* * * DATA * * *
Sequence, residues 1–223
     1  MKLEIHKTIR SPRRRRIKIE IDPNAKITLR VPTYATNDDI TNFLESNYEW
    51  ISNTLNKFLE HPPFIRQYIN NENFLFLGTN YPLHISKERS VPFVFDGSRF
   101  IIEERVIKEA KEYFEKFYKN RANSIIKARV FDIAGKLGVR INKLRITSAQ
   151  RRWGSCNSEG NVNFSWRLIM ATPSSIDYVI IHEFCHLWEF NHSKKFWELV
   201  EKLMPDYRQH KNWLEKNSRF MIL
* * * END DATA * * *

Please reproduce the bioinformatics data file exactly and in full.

Sequence, residues 1–223
     1  MKLEIHKTIR SPRRRRIKIE IDPNAKITLR VPTYATNDDI TNFLESNYEW
    51  ISNTLNKFLE HPPFIRQYIN NENFLFLGTN YPLHISKERS VPFVFDGSRF
   101  IIEERVIKEA KEYFEKFYKN RANSIIKARV FDIAGKLGVR INKLRITSAQ
   151  RRWGSCNSEG NVNFSWRLIM ATPSSIDYVI IHEFCHLWEF NHSKKFWELV
   201  EKLMPDYRQH KNWLEKNSRF MIL